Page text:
Amusing stock investing rules
Question: Are there any rules of thumb when it comes to investing in stocks?—asked at “Ask a friend, ask Efren” free service available at www.personalfinance.ph, Facebook and SMS.
Answer: Stock market investing is teeming with intricacies and risk; perhaps that is why stocks provide investors with the highest potential return among the three major asset classes of stocks, bonds and money market. And perhaps to calm their nerves, investors have come up with rules of thumb that they can rely on, especially during uncertain times.
In the United States, a number of rules of thumb have evolved about stock investing in particular and the direction of the economy in general. Here are some of them:
Skirt Length or Hemline Theory—The shorter the skirts, the higher the stock prices. Is there a real connection? That has yet to be seen especially with fashion changing as fast as price trends in the stock market. But there was a time when people believed that the short skirt lengths mean higher consumer confidence and apparently bolder consumer clothing preference and higher stock prices. In contrast, ladies would dress in longer skirts when there is fear and gloom in the economy, which would eventually lead to bearish stock prices.
Men’s Underwear Index— Not to be outdone, investors also came up with an indicator using men’s apparel. Purchasing men’s underwear is a necessity. But when the economy is bad, it is believed that men would tend to delay their purchase of new underwear. After all, no one will be able to see how loose the fit is.
Conversely, a growth in the sales of men’s underwear is taken as a signal of a growing economy. According to Investopedia, no less than former US Federal Reserve chair Alan Greenspan subscribed to this thinking. Now, whether Mr. Greenspan would actually delay the purchase of his own underwear is none of our business.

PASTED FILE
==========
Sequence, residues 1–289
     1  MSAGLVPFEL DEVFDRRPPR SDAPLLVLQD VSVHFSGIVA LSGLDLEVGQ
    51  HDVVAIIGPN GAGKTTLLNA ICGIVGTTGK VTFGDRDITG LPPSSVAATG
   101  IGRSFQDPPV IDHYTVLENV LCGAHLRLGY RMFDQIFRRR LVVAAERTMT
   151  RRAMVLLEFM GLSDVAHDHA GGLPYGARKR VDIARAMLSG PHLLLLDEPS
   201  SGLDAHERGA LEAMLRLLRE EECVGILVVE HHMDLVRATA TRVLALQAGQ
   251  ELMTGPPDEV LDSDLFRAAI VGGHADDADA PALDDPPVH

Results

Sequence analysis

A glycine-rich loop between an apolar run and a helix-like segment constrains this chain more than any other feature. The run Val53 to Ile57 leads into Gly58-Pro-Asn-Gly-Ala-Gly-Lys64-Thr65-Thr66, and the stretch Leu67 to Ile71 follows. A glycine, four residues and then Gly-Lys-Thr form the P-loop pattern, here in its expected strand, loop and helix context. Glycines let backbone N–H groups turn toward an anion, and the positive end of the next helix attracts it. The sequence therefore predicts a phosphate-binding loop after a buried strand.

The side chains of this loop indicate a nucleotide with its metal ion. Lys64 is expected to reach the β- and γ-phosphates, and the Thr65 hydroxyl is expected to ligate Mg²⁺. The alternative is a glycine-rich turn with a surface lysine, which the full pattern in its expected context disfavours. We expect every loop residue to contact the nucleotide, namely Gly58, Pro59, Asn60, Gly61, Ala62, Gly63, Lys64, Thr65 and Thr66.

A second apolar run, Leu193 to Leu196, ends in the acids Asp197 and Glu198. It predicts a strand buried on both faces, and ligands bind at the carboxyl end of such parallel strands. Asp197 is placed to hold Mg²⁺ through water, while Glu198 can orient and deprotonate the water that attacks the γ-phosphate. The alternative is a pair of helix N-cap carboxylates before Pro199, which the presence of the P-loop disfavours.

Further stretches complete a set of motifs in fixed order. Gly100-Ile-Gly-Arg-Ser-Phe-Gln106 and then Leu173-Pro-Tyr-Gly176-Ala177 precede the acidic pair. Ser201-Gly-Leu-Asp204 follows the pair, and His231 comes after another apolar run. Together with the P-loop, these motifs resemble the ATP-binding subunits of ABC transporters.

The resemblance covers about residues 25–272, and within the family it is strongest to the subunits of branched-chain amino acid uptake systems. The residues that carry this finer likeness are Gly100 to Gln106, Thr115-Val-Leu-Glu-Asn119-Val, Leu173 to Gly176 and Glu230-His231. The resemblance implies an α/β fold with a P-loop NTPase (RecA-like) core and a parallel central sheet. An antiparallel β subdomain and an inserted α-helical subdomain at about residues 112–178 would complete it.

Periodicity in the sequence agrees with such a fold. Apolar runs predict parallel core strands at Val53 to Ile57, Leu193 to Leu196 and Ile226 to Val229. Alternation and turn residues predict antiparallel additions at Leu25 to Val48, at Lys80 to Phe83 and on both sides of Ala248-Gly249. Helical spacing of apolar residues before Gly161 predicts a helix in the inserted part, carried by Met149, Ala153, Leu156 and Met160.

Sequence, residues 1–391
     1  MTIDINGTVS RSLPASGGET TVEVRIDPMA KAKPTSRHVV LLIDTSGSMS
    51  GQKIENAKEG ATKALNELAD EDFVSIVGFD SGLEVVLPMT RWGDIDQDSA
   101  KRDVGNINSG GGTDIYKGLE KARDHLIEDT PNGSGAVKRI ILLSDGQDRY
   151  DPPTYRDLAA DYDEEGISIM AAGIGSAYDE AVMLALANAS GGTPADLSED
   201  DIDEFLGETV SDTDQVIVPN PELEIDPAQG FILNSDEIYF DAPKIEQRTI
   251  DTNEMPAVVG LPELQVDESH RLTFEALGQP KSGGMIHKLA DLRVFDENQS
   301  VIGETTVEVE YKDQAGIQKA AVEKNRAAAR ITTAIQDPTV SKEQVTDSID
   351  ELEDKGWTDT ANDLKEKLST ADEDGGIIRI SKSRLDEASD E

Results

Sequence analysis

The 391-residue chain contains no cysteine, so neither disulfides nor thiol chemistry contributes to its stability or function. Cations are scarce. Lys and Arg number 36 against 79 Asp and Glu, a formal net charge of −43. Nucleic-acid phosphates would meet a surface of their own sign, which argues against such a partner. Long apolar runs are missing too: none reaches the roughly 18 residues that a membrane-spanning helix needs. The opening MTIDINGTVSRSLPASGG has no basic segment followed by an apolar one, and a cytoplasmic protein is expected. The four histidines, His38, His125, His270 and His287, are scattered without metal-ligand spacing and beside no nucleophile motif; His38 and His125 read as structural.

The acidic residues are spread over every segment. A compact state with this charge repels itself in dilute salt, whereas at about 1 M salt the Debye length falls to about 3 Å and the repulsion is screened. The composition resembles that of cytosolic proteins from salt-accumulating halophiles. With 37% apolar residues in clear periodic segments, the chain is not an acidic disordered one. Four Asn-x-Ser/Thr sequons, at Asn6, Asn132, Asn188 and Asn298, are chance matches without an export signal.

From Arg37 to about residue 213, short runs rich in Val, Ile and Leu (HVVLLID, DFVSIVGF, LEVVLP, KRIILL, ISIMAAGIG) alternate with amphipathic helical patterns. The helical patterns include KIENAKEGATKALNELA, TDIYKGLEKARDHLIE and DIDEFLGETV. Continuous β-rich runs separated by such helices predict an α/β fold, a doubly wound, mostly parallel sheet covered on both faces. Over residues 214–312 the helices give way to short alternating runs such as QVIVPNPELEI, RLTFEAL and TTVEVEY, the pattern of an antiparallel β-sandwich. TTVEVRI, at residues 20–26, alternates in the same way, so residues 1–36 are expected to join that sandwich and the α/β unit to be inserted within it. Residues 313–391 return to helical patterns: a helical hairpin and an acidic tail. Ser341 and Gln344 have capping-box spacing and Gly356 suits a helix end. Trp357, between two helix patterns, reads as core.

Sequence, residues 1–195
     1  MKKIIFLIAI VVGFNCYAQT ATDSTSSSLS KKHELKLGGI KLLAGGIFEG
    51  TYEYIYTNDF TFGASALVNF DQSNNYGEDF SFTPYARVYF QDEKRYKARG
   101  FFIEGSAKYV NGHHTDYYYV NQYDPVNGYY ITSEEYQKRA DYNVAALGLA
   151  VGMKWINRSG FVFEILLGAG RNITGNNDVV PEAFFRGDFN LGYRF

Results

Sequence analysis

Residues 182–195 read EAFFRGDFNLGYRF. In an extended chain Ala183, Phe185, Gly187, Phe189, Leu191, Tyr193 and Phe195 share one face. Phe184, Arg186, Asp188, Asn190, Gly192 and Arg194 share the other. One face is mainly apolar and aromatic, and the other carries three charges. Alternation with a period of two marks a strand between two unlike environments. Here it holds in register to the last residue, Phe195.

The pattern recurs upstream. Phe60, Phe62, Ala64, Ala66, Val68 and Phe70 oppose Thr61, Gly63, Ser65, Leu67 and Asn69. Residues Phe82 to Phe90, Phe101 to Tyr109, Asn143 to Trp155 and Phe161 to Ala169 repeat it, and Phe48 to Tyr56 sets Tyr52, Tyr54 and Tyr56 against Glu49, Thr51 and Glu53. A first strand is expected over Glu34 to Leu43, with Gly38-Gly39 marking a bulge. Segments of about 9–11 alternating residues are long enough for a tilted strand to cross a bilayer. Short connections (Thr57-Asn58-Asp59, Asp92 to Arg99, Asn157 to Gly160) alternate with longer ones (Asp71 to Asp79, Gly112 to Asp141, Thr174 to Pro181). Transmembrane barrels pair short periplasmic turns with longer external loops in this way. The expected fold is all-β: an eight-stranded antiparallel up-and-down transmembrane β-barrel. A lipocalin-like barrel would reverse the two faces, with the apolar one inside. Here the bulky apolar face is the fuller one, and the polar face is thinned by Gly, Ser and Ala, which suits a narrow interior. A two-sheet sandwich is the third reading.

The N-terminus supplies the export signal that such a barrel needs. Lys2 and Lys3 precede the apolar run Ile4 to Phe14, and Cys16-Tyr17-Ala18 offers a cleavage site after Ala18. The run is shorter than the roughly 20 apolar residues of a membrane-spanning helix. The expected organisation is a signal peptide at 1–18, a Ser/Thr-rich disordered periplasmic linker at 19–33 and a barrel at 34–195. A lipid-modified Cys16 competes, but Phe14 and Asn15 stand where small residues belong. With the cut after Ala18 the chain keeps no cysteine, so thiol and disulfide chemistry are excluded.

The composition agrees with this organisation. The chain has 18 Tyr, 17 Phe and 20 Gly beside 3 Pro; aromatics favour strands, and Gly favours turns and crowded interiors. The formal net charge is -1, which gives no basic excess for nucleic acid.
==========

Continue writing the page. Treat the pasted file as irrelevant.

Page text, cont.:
The men’s underwear index can easily be distorted by many factors. One is that wives tend to buy their husbands’ underwear. So, the shopping habits of wives need to be considered. In addition, being generally not into fashion but more into utility, men tend to delay buying underwear until these articles of clothing develop the phenomenon called “bacon garters.”
Hot Waitress Economic Index—This index says that the greater the number of attractive servers, the weaker the economy is. The rule states that attractive people generally find it easier to land higher paying jobs during boom times. But, in really bad times, even attractive people will find it difficult to find a job and will be compelled to apply for lower paying ones like waiting on tables.
The index is obviously not only insulting but also discriminatory. More importantly, traditional economic theory states that employment is a lagging indicator.
Leading Lipstick Indicator —The indicator was put forth by no less than Leonard Lauder, the chair of Estee Lauder. The rule states that ladies tend to forego expensive indulgences, such as leading lipstick brands, in times of uncertainty. So, if the sales performance of the leading lipstick brand picks up, it must mean that economic growth is also picking up. Surprisingly, the indicator had been fairly accurate in the past.
But at the end of the day, nothing beats solid macro and micro fundamental studies backed by shrewd technical analyses and devoid of emotion. And one should note that these rules of thumb were devised in an American setting and may not be readily applicable in other countries.
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